On Sunday afternoon at St. Paul’s Episcopal Church, local chamber music ensemble Mistral were playing works by Elgar and Purcell.
The concert, which had the title “The Walk to the Paradise Garden”, took place in Brookline, MA.
After the second piece, 89-year-old Ingrid Christiansen went into cardiac arrest in her front-row seat.
Mistral cofounder and artistic director Julie Scolnik, who plays flute in the ensemble..
Scolnik had just raised her flute to begin Vaughan Williams’ Phantasy Quintet when her husband, Mistral cofounder and physicist Michael Brower, tapped her on the shoulder, alerting her to an incident in the audience.
Christiansen had fallen unconscious and was slumped over another patron, who caught Brower’s attention. Brower called out to ask if there was anyone with medical training present.
Four physicians, all women, were seated nearby and rushed to examine her.
Anne Stack, an emergency physician, told the media: “Christiansen was already blue, without a pulse or respiration. We laid her on the floor and asked for 911 to be called, and [a defibrillator], and began CPR.”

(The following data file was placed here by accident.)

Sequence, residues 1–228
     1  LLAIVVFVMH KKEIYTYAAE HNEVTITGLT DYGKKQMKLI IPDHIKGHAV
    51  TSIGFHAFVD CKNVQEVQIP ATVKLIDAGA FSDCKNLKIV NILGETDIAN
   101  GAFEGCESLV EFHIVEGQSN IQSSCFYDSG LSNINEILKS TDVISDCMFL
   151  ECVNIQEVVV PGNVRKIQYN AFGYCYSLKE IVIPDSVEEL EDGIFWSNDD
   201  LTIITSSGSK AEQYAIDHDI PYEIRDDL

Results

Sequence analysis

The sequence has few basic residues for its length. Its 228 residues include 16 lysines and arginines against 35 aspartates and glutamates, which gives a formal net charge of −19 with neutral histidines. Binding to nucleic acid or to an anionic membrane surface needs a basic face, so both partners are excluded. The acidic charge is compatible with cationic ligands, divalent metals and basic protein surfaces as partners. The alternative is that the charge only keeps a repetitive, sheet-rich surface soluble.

Stack monitored her for a heartbeat while another doctor gave her chest compressions, the third performed rescue breaths, and the fourth examined another pulse point.
After two minutes of CPR, Stack felt a strong pulse. A few seconds later, Christiansen started gasping and moving, and she opened her eyes.
“When she came to, I think the first thing she said was, ‘What are you doing?’” said Stack. Asking Christiansen if she had any medical conditions, she replied that she had a pacemaker.
An ambulance arrived quickly to transport Christiansen to a hospital – but she was not too keen to go.
Brower travelled with Christiansen in the ambulance to Beth Israel Deaconess Medical Center. The next day, Scolnik also paid her a visit with her flute, and played a Bach partita at her hospital bedside.
Christiansen, who lives alone in Brookline, does not remember much about her incident.